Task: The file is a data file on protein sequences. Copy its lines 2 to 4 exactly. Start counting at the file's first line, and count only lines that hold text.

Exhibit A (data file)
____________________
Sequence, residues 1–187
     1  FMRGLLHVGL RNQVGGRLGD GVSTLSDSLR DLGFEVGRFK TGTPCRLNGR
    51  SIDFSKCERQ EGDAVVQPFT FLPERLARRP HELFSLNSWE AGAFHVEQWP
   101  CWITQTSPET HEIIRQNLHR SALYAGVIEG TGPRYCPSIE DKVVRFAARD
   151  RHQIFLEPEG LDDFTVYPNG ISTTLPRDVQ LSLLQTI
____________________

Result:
     1  FMRGLLHVGL RNQVGGRLGD GVSTLSDSLR DLGFEVGRFK TGTPCRLNGR
    51  SIDFSKCERQ EGDAVVQPFT FLPERLARRP HELFSLNSWE AGAFHVEQWP
   101  CWITQTSPET HEIIRQNLHR SALYAGVIEG TGPRYCPSIE DKVVRFAARD